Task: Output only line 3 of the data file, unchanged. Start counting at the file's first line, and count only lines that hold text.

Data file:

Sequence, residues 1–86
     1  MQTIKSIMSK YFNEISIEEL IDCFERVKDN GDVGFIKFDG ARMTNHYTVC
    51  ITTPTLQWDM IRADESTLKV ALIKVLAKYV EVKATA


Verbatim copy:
    51  ITTPTLQWDM IRADESTLKV ALIKVLAKYV EVKATA